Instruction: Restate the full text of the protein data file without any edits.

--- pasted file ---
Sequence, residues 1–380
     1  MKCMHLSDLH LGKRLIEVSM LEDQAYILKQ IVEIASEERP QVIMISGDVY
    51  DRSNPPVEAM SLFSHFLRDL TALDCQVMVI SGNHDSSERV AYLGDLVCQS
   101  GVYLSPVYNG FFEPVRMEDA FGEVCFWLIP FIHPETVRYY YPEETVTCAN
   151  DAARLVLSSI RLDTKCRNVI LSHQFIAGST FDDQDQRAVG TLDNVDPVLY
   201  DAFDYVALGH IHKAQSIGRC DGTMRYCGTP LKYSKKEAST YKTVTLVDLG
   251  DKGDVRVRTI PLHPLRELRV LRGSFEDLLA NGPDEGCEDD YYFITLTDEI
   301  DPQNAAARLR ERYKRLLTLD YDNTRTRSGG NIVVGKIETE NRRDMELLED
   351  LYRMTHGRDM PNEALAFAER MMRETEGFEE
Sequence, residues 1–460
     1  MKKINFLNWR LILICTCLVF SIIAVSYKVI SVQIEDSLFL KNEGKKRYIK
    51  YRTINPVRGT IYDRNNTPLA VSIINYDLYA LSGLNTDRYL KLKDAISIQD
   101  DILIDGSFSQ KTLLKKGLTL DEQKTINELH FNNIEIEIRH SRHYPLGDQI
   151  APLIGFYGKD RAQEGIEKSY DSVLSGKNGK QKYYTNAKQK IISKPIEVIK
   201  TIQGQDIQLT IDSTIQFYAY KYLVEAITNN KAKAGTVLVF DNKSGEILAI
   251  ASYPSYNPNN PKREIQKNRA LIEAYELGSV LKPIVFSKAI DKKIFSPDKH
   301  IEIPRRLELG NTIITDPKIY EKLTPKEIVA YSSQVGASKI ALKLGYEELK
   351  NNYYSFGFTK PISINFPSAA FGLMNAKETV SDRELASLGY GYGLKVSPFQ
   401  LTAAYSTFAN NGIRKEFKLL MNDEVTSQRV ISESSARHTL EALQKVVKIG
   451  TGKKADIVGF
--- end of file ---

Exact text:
Sequence, residues 1–380
     1  MKCMHLSDLH LGKRLIEVSM LEDQAYILKQ IVEIASEERP QVIMISGDVY
    51  DRSNPPVEAM SLFSHFLRDL TALDCQVMVI SGNHDSSERV AYLGDLVCQS
   101  GVYLSPVYNG FFEPVRMEDA FGEVCFWLIP FIHPETVRYY YPEETVTCAN
   151  DAARLVLSSI RLDTKCRNVI LSHQFIAGST FDDQDQRAVG TLDNVDPVLY
   201  DAFDYVALGH IHKAQSIGRC DGTMRYCGTP LKYSKKEAST YKTVTLVDLG
   251  DKGDVRVRTI PLHPLRELRV LRGSFEDLLA NGPDEGCEDD YYFITLTDEI
   301  DPQNAAARLR ERYKRLLTLD YDNTRTRSGG NIVVGKIETE NRRDMELLED
   351  LYRMTHGRDM PNEALAFAER MMRETEGFEE
Sequence, residues 1–460
     1  MKKINFLNWR LILICTCLVF SIIAVSYKVI SVQIEDSLFL KNEGKKRYIK
    51  YRTINPVRGT IYDRNNTPLA VSIINYDLYA LSGLNTDRYL KLKDAISIQD
   101  DILIDGSFSQ KTLLKKGLTL DEQKTINELH FNNIEIEIRH SRHYPLGDQI
   151  APLIGFYGKD RAQEGIEKSY DSVLSGKNGK QKYYTNAKQK IISKPIEVIK
   201  TIQGQDIQLT IDSTIQFYAY KYLVEAITNN KAKAGTVLVF DNKSGEILAI
   251  ASYPSYNPNN PKREIQKNRA LIEAYELGSV LKPIVFSKAI DKKIFSPDKH
   301  IEIPRRLELG NTIITDPKIY EKLTPKEIVA YSSQVGASKI ALKLGYEELK
   351  NNYYSFGFTK PISINFPSAA FGLMNAKETV SDRELASLGY GYGLKVSPFQ
   401  LTAAYSTFAN NGIRKEFKLL MNDEVTSQRV ISESSARHTL EALQKVVKIG
   451  TGKKADIVGF